Daily Management Review

Record Quarterly Slump In UK Economy In Q2, Pushed Into A Deep Recession


Record Quarterly Slump In UK Economy In Q2, Pushed Into A Deep Recession
The United Kingdom reported its worst ever quarterly drop for the second quarter with a 20.4 per cent slump in its Gross Domestic Product (GDP). This pushed the country into the worst recession being encountered by any major economy.
The second quarter cash in UK’s GDP compared to the previous quarter was the worst ever for the country since records were started to be kept in 1955. There were record slump in the services, production and construction industries which were exposed most to government lockdown measures implemented to prevent the spread of the novel coronavirus pandemic.
"Today's figures confirm that hard times are here," UK finance minister Rishi Sunak said in a statement.
"Hundreds of thousands of people have already lost their jobs, and sadly in the coming months many more will. But while there are difficult choices to be made ahead, we will get through this, and I can assure people that nobody will be left without hope or opportunity," he said.
According to data from the Office for National Statistics, in the first six months of 2020, there was a cumulative drop of 22.1 per cent in UK’s economic output compared with the end of 2019. That was worse than that of Germany, France and Italy and was double of the 10.6 per cent drop in output in the United States.
Analysts and economists expect to see a less severe than Britain decline in GDP among the remaining G7 economies. For example, Canada expects a 12 per cent drop in its second quarter GDP compared to the first quarter according to the country’s statistics agency. On the other hand, economists expect a 7.6 per cent quarter-on-quarter drop in the GDP of Japan for the second quarter.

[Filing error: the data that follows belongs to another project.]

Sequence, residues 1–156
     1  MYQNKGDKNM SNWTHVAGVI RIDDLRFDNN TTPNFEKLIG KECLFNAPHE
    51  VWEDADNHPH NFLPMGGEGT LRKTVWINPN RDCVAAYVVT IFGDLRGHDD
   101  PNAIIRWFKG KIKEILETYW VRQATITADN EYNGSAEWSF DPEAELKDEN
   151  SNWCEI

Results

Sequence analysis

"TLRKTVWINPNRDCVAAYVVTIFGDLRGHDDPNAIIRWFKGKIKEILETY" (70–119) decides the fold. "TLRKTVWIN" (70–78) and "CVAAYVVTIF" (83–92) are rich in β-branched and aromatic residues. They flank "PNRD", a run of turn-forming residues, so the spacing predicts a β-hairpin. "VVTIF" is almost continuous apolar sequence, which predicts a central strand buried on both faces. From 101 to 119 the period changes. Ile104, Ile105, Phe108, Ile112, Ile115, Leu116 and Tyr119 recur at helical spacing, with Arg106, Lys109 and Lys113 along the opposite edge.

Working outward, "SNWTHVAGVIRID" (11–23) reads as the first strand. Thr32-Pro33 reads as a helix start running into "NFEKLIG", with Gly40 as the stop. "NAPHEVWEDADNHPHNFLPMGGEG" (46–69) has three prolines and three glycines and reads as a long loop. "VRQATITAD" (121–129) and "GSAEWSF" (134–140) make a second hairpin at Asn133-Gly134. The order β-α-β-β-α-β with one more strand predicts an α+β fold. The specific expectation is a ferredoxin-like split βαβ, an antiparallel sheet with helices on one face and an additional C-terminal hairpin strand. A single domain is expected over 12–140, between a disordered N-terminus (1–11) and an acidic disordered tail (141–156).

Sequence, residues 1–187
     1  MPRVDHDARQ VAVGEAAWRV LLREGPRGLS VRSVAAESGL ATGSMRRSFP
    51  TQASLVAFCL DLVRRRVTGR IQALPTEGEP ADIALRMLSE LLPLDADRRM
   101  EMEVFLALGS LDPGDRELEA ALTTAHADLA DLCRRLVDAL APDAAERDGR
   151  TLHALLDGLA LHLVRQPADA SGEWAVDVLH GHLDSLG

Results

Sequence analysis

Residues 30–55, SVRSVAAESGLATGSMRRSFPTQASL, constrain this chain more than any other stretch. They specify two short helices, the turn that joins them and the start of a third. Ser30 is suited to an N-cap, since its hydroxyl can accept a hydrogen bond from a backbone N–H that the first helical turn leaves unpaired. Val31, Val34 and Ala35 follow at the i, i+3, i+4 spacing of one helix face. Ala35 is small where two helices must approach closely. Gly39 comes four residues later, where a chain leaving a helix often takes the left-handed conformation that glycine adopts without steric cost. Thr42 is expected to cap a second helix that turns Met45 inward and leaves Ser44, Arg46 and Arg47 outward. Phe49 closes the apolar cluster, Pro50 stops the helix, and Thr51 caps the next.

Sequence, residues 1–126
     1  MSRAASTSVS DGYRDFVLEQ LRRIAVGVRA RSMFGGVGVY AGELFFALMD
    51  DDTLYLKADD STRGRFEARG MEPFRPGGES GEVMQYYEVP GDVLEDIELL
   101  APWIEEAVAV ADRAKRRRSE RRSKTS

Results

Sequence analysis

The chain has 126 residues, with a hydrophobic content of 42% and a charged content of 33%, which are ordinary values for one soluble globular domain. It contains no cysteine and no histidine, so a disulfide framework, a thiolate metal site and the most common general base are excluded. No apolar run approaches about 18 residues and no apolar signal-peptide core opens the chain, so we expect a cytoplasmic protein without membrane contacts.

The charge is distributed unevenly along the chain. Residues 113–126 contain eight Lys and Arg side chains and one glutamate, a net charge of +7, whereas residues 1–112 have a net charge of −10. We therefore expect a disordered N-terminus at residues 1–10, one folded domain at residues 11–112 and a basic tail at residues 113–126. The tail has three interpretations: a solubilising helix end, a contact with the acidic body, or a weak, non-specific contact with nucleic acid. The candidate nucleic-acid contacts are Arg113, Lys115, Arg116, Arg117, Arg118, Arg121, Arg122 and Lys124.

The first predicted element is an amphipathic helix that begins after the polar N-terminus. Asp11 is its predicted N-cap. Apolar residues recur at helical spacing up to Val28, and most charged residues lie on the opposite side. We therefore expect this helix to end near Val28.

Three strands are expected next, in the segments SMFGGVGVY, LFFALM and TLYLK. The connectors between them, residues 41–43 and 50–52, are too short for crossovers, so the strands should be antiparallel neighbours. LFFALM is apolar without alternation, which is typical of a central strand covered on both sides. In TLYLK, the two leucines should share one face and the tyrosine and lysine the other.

"The larger contraction primarily reflects how lockdown measures have been in place for a larger part of this period in the UK," the ONS said.
On the other hand, China, where the novel coronavirus first emerged and later spread to all parts of the world, has already returned to growth after starting the year with the worst figures in decades.
Despite a rise in coronavirus cases, a strict lockdown s imposed by the UK two weeks after Italy had done so and 10 days after Spain. France had imposed a lockdown a week before Britain. That resulted in the UK taking longer to get the spread of the virus under control and thereby the restrictions had to be prolonged keeping most businesses closed.
Services and household spending account for a large chunk of the UK economy. In the second quarter, both these sectors posted record declines as people forced to stay indoors because of the pandemic spent less and saved more. In addition, millions of workers were furloughed and many have now been laid off.
Since the coronavirus pandemic severely hit British businesses in March, about 730,000 jobs have been lost in the country. The unemployment crisis has hit the young, the old and the self-employed alike.
The GDP figures of UK do not carry a good signal for the economy for the rest of the year, said Kallum Pickering, a senior economist at Berenberg.
"Typically, recession data are subject to heavy revisions," he said in a research note.
"Nevertheless, taken at face value, the bigger-than-expected contraction suggests some downside risk to our call of a 9.5% contraction in full year 2020."